Sunday, July 14, 2002

Isle farmers resist
food safety guidelines

Without changing their practices,
growers may have a tough time
selling to large buyers

By Lyn Danninger

Hawaii's farmers have been slow to embrace voluntary food safety guidelines now being adopted by a growing number of produce purchasers, such as supermarkets and wholesalers.

A new poster shows farmers at a glance the basic procedures to keep their crops free from contaminants. Click image for ordering information.

So far, only a handful of local farmers have undergone an "agricultural audit" and been certified for what is called "good agricultural practices."

After a spate of lawsuits on the mainland related to food contamination in recent years, large scale buyers of produce want to make sure the food they sell to their customers is free of contaminants. Increasingly, more and more are now trying to direct their business only to growers whose farms have been certified.

If Hawaii farmers don't adopt the practices called for under the guidelines, they will have an increasingly difficult time selling their produce, said Jim Hollyer, specialist at University of Hawaii's College of Tropical Agriculture and Human Resources.

To help promote the good agricultural practices, or GAP, program further, CTAHR got together with the state Agriculture Department and the Hawaii Farm Bureau to come up with a poster that is being distributed to Hawaii farmers.

The farm audits, which can be conducted by the Department of Agriculture or an approved third party consulting and testing firm, cover such things as use of chemicals, water tests, farm hygiene and worker safety. The poster illustrates and describes what is required, said Hollyer.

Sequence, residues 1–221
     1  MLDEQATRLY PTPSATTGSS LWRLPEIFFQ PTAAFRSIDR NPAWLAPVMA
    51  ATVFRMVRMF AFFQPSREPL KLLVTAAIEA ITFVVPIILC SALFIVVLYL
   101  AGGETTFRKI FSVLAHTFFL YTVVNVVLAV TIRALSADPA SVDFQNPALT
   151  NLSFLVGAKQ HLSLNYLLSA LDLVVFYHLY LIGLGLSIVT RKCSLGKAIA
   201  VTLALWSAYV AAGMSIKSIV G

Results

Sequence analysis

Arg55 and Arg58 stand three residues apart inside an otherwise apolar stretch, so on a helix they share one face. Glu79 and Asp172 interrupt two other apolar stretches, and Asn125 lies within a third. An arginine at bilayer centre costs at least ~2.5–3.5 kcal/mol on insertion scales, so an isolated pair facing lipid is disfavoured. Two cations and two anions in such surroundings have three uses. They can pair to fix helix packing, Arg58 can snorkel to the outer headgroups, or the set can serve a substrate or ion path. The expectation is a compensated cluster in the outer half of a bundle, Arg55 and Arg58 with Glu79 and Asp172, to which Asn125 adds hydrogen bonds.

Food safety at the farm level is already a big issue on the mainland, particularly in California, said Hollyer. Recently Hollyer led a group of local farmers on a 5-day information-seeking trip to California farming areas to see how the food safety programs are working.

Local banana farmer Richard Ha, who has already been certified, went along on the trip. Ha sees getting the certification as a benefit to farmers, both organizationally and for marketing purposes.

"I think of it as an aid to management and for us we like to be ahead of the curve," he said.

But anticipations about costs and paperwork, as well as simple fear of the unknown, keep many Hawaii farmers from joining the program, said Hollyer. The poster might mitigate the last factor, at the least.

The state Department of Agriculture has already trained and certified two auditors and would like to train several others. But with few farmers volunteering their farms for what is called a "shadow audit" -- to train would-be inspectors and get an idea of what needs to be done -- it's been difficult to expand the program, said Sam Camp, commodities branch manager with the Quality Assurance Division of the Department of Agriculture.

At the federal level, the U.S. Department of Agriculture and the Food And Drug Administration are taking more interest in issues of food safety.

In 1998, the FDA produced its own guidelines and the USDA has its own version of the GAP program, which is already in use in some states, Camp said.

Moreover, with safety being on everyone's minds, Camp said the USDA is talking of developing it's own biosecurity certification program separate from the GAP program.